Start with last season, when Harbaugh gave graduate transfer Jake Rudock the nod over then-redshirt sophomore Shane Morris. Through three games, Michigan was 2-1 and Rudock had thrown for fewer than 200 yards per game and three touchdowns against just five interceptions. The following Monday, Harbaugh faced a question about where Rudock could improve, which he took as an insinuation of doubt at the position.
“Just, the question, to me — just the way you started the question off after the game, it’s like questions to divide and compare,” Harbaugh said. “… I sense sometimes the questions to compare and be divisive, so I’m quick to turn those off.”
Asked a follow-up, Harbaugh defended Rudock again: “To be clear, Jake Rudock’s the best quarterback. Not by a small margin. He’s our best quarterback. … I feel it’s divisive when you just pull out one name to just keep hammering; there, there, so hope that’s clear. He’s our best quarterback.”
As much as Rudock struggled in the first third of the season, Harbaugh wasn’t having any criticism, inquisition or even the slightest hint of an ambiguity at quarterback.
And his faith paid off, as Rudock polished off one of the best single seasons for a quarterback in Michigan history, leading the Wolverines to a 10-3 season.
That progress at quarterback has been Harbaugh’s track record throughout his coaching career. In 2004 at San Diego, his first head coaching job, Harbaugh chose Mortensen, who started all season. When Mortensen left, his old backup, Josh Johnson, took over for 2005 and 2006.
The 2007 season was the only one of Harbaugh’s career with even a little ambiguity. That was when Harbaugh inherited a struggling program at Stanford and waffled between T.C. Ostrander (who started the first four games and the last one) and Tavita Pritchard (who got the nod in between).
In 2008, Harbaugh settled on Pritchard, and in 2009, he started a young redshirt freshman named Andrew Luck. Of Harbaugh’s all-time college starters, Johnson, Luck and Rudock — that’s half of them if you’re counting at home — are still in the NFL.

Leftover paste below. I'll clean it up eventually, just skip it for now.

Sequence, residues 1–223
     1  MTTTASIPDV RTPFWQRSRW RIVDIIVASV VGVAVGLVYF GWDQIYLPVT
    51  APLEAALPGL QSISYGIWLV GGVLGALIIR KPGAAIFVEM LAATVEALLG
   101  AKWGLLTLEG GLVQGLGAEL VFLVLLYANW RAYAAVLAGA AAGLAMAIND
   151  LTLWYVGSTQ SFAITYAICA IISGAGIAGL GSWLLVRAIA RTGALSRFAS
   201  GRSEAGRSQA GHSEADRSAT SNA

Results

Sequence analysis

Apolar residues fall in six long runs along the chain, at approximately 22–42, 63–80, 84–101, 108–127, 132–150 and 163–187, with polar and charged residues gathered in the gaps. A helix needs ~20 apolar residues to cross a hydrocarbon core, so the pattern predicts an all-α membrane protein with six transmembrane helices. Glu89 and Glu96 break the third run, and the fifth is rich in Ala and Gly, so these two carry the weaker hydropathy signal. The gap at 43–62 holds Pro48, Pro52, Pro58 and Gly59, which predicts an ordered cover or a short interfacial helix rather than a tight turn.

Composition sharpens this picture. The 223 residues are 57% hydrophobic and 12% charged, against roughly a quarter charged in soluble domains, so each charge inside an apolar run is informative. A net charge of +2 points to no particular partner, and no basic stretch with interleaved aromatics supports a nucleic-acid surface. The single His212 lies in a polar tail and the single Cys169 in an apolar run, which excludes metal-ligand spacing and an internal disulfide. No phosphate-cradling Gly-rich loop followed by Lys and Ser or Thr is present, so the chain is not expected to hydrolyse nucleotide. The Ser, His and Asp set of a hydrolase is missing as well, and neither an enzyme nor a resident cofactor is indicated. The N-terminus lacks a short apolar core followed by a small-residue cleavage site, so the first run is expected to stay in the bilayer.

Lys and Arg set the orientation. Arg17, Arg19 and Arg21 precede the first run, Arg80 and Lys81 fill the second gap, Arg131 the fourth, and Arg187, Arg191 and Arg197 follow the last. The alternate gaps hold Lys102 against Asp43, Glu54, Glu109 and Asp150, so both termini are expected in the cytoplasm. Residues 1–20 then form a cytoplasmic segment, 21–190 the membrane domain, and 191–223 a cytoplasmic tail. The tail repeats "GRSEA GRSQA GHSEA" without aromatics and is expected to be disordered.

Now, Speight is the latest of Harbaugh’s pupils with that opportunity. In two starts, the results have been positive, albeit against lesser competition: Speight is 35-for-50 for 457 yards with seven touchdowns and an interception.
But even during Speight’s costly mistakes — or mistake, singular, rather — Harbaugh has stood by him all the way, as usual.
The blip happened on the first offensive snap of the season opener. Speight rolled out to the right and tossed the ball into the waiting arms of Hawaii’s Damien Packer. Then Speight’s momentum carried him over to the sideline, where Harbaugh had an unusual reaction.
“He just grabbed me and hugged me and was kind of laughing and was like, ‘Don’t worry, we’ll get it next drive. Don’t sweat about that,’ ” Speight recalled.
Laughing? This is a man who doesn’t take a play off in pickup basketball games. And here’s his hand-picked starting quarterback giving the ball away on the first play of the first game, and Harbaugh laughs?
It sounds crazy, but it works. Speight will make more mistakes the rest of the season, but in Harbaugh, he has a quarterback’s most loyal ally.